The Indian Medical Association (IMA), a private association of allopathic doctors in the country, seems to have put itself in a tough spot by embroiling in unnecessary controversies. First, the doctors’ body picked up a fight with Yoga Guru Ramdev by attempting to bully and threaten him over his opinion on the limitations of the allopathic system of medicine.
Not only did IMA take potshots on Ayurveda and Yogic sciences by describing it as ‘quackery,’ reports emerged in the public domain revealing how office-bearers of the Indian Medical Associations were indulging in proselytizing activities during the pandemic. Several netizens exposed how Dr Johnrose Austin Jayalal, the president of the Indian Medical Association accusing him of using the Covid-19 pandemic to convert patients to Christianity.
Even as IMA continues to face flak for its overzealous actions against Baba Ramdev, fresh allegations have surfaced against IMA, accusing them of promoting commercial products of private companies in exchange for huge fees. Several brands have paid the ‘fees’ to IMA in exchange for the association’s “stamp of approval”, which these brands often use to market their products. The IMA’s commercial endorsements of products at the cost of health safety have become a major talking point in the country.
Preferring money over consumers’ heath, the Indian Medical Association had not only endorsed a range of products from fruit juice to an LED bulb but also had given a stamp of approval for these products saying these products had health benefits.
Here are some of the products endorsed by Indian Medical Association in exchange for funds:
1. PepsiCo’s Products
In 2008, the Indian Medical Association (IMA) had endorsed PepsiCo’s Tropicana fruit juices and its breakfast cereal Quaker Oats, making it the world’s first medical association to endorse a food product.
Pepsico’s India affiliate had signed into a three-year deal with IMA, under which the association endorsed the Tropicana brand of fruit juices and the Quaker Oats brand. As per IMA, Pepsico’s ‘Tropicana’ and ‘Quaker Oats’ endorsement was a partnership for health.
Strangely, IMA has not revealed on what scientific basis did they certify the product or whether it was published in a scientific journal and the details regarding the study. Initially, IMA had said that the company did not pay money for the endorsement, instead, PepsiCo sponsored the association’s conferences and meetings for three years. Later, media reports said the IMA charged a whooping Rs 2.25 crore to endorse Pepsi Co’s products.
2. Crompton Greaves
The IMA had also ‘certified’ a so-called anti-bacterial LED bulb that claims to kill 85% germs and an indoor paint that claims to kill 99% infection-causing bacteria within two hours of exposure to the painted surface.
The IMA, which often pontificates about the scientific temper and terms the other indigenous system of medicines as ‘quackery’, has no answers regarding the scientific rationale behind their Crompton Greaves LED bulb endorsement.
The antiseptic soap – ‘Dettol’ also had the endorsement of the India Medical Association. In the many un-dated videos aired by Reckitt – the company that produces the antiseptic soap brand, one can see the stamp of approval by the Indian Medical Association, claiming that the particular product protects people from the infection 10 times more than other brands.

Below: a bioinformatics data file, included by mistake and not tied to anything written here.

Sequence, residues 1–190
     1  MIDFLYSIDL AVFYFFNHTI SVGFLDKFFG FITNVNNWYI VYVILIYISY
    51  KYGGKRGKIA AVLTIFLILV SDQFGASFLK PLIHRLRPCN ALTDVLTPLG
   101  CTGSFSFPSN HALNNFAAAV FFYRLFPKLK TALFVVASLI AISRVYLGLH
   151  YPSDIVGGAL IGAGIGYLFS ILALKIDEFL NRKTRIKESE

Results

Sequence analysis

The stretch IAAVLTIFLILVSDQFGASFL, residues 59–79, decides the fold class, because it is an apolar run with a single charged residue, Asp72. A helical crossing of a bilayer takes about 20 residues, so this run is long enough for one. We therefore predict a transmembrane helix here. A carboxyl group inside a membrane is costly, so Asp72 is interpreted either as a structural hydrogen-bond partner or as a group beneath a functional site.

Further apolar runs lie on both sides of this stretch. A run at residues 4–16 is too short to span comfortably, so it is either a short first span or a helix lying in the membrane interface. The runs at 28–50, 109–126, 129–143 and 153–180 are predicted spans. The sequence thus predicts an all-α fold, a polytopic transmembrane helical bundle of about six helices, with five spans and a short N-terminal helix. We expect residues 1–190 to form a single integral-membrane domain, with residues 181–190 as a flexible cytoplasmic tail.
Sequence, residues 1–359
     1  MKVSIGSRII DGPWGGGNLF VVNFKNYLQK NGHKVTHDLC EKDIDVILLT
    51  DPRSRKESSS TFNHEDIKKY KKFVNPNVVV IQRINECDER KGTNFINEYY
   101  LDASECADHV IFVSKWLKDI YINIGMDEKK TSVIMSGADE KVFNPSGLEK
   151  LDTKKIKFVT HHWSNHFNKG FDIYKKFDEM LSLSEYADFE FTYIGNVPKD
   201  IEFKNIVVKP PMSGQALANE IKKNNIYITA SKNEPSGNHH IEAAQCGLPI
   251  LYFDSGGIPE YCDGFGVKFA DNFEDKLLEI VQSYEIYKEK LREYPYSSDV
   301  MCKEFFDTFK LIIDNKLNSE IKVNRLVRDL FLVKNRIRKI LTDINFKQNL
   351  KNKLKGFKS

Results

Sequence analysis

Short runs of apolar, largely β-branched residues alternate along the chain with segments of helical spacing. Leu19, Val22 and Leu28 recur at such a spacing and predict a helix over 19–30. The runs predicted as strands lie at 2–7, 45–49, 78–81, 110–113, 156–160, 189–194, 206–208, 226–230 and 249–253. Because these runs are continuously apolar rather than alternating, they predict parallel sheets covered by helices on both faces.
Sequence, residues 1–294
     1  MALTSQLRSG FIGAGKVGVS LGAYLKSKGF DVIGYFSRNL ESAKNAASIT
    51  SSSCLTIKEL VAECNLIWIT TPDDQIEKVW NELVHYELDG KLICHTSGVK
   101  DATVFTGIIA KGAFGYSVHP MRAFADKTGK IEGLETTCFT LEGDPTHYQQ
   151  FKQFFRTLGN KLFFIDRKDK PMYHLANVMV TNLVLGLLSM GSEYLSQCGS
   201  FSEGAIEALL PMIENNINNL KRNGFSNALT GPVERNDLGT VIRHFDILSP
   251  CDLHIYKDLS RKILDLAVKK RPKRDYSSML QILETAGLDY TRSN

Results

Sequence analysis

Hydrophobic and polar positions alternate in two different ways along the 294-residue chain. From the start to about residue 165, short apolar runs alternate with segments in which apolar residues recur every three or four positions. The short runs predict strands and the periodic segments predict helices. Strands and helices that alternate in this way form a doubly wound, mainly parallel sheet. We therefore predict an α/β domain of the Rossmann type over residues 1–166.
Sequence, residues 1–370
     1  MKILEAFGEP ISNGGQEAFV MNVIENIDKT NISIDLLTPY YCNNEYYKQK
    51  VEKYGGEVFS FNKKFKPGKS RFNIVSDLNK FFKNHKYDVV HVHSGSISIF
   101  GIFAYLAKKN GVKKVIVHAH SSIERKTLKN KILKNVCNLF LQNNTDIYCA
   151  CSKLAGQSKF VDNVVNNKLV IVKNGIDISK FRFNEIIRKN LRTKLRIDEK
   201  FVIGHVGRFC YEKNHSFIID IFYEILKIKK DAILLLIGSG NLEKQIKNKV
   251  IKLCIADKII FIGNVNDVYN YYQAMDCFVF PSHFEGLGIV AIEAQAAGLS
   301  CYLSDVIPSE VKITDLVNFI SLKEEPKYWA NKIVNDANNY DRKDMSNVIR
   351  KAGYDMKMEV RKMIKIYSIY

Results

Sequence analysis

The IMA endorsement to the particular product meant that the particular product must have efficacy that is 10 times any other product. However, there is no scientific basis to the prove same.
The particular advertisement raises several questions regarding the dubiousness of the IMA, especially in times of pandemic. While IMA dismisses treatments promoted by other non-allopathic systems of medicine, it was granting approvals to the brand to use its name and spread misinformation among the public.
In 2015, the Indian Medical Association had caught up in a major scandal after it had endorsed Kent water purifiers. The IMA had given its approval for the water purifiers by stating that the association has ‘validated’ the products. In fact, IMA had signed an MoU with Kent for the ‘campaign’. Even though the resolution did not mention sponsorship, it said, “the campaign will also include the centenary conference (of the IMA) to be organized in November 2016 at New Delhi with the above subjects as the core issues”.
Several critics had pointed out the unethical practice of IMA, highlighting how the organisation had endorsed the rivals of Kent – ‘Eureka Forbes’ in another multi-crore deal.
In response to growing outcry against medical practitioners endorsing commercial products, the IMA had insisted that this was not an endorsement, but a ‘public campaign’ to educate ‘safe water prevents waterborne diseases.
5. Asian Paints:
Last year, an advertisement by a wall paint company prominently highlighted that their product was approved by the Indian Medical Association for providing protection from “viral transmissions” and reduce the number of harmful gases such as sulphur oxides and nitrogen oxide.
The advertisement went on to assert that the product would serve as a sanitiser for the house. Soon after it was aired on national television, many public health experts criticised IMA for approving the product when the world was battling the menace of the coronavirus outbreak.
In addition to the above brands, IMA has also endorsed products of Eureka Forbes, Dabur, Unilever and Procter & Gamble in exchange for huge financial deals.